You have a very wise mentor, Marion! Especially where the railing and posts are concerned…less definition, the better. Yet, I would like to see the top railing less pronounced still! Just my two-cents…otherwise, a beautiful, muted, but delightful note of summer. Well done in describing your process. It’s not as easy as we all think, is it! Cheers! 😀
Yes, Janina, it’s always a question with the paint – how much IS enough. I found in this painting that I was removing in one spot, adding in another, removing in another. At a point very late in the night, I just said “basta, basta” because I could have been tweaking forever. Ha ha! Still working on trusting the more quiet voice that says “it’s done”.
Frankly, I would’ve taken artistic licence and removed it completely and hidden it with more leaves!! LOL. But, yes, I do understand about that’s enough…that’s why I do so many repeats! Although I am getting better and more choosy about the number. ;D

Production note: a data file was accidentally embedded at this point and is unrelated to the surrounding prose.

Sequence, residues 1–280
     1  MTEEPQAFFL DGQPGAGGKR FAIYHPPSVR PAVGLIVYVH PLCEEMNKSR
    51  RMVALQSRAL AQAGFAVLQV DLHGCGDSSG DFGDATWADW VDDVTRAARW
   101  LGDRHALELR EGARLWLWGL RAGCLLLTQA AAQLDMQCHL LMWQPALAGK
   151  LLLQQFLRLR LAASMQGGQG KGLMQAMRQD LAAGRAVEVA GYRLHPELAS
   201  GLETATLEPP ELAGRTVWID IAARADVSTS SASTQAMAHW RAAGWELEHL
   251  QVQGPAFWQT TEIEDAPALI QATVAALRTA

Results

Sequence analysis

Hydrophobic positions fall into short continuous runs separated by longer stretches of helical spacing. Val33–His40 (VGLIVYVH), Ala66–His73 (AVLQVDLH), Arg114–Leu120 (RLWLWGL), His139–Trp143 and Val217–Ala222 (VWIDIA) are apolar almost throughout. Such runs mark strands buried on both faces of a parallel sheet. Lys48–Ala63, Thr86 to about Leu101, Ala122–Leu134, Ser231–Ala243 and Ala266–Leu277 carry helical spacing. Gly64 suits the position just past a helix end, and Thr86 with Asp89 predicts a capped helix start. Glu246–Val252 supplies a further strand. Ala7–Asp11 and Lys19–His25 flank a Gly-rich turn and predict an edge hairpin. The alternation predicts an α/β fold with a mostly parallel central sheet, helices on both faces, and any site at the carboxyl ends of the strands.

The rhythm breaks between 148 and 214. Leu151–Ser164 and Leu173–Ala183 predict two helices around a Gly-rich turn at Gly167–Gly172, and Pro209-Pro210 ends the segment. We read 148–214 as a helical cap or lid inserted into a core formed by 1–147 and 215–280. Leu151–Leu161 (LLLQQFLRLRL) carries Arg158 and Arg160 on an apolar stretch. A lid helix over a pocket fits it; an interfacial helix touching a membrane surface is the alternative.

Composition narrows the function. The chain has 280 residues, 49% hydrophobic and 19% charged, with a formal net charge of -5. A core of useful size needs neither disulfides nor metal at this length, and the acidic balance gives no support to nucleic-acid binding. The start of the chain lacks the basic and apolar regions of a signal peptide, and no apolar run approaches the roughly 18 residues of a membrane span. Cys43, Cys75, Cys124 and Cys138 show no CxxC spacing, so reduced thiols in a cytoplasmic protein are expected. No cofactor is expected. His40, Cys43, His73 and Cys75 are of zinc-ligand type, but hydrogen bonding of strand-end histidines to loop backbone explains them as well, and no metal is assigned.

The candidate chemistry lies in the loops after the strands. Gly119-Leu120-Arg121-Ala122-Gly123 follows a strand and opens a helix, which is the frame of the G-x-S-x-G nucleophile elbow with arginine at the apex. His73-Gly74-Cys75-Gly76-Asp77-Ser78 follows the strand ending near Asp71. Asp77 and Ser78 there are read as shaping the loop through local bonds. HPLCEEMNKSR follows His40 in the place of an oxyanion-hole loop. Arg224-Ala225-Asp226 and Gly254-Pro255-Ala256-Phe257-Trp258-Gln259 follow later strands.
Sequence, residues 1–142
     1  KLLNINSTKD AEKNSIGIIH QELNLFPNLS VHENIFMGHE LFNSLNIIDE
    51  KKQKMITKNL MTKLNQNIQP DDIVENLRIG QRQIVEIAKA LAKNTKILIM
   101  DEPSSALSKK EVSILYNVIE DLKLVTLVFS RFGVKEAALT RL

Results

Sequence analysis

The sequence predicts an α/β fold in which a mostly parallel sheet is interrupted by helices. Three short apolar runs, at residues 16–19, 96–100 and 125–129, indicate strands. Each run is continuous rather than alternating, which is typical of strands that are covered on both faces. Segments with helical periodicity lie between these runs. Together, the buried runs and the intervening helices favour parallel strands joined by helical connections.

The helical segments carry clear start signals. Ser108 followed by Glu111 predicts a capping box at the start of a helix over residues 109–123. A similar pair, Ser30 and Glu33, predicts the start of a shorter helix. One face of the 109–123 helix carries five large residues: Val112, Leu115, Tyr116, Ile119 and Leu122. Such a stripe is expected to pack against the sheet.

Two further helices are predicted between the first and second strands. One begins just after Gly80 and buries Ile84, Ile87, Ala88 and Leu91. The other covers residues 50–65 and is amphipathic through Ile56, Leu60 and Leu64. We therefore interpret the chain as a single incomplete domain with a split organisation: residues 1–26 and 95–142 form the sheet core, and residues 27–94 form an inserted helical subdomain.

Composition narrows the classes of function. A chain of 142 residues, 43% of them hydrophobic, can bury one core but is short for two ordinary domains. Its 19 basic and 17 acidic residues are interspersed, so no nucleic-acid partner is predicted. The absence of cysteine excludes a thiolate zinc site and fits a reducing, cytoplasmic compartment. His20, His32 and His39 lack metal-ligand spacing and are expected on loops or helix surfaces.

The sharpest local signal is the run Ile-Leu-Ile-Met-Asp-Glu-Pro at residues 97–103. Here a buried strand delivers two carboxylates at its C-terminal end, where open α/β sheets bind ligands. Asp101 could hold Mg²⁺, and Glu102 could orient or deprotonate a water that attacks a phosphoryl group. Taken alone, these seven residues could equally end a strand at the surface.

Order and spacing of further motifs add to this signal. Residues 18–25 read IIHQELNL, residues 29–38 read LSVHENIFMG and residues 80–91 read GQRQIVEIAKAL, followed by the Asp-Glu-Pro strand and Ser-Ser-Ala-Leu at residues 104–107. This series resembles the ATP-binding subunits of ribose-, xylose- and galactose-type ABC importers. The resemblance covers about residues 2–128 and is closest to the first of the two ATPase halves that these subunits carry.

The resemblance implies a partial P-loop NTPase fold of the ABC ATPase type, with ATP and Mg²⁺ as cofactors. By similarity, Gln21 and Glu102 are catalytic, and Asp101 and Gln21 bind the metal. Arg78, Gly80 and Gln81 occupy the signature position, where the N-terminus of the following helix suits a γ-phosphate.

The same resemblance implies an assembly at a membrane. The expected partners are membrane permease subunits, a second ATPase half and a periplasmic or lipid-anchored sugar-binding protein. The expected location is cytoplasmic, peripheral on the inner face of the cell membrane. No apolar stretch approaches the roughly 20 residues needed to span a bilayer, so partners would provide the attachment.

Incredible work Marion! I was always curious to know how do you paint and It’s an awesome treat in the morning to see this post. Every step you mentioned in painting planning is very informative. Thank you so much for sharing with us. 🙂
Glad you liked the post, Snehal! After I finished the piece, it was the process to produce it that was staying strongly with me, so the post went in that direction.
Yeah It’s it very helpful 😊
I enjoy the strength of the railing… it is a wonderful composition.
Thanks, Sheryl. I’m in the midst of doing a commission piece with another strong railing in it – seems to be the Year of the Railing so far! LOL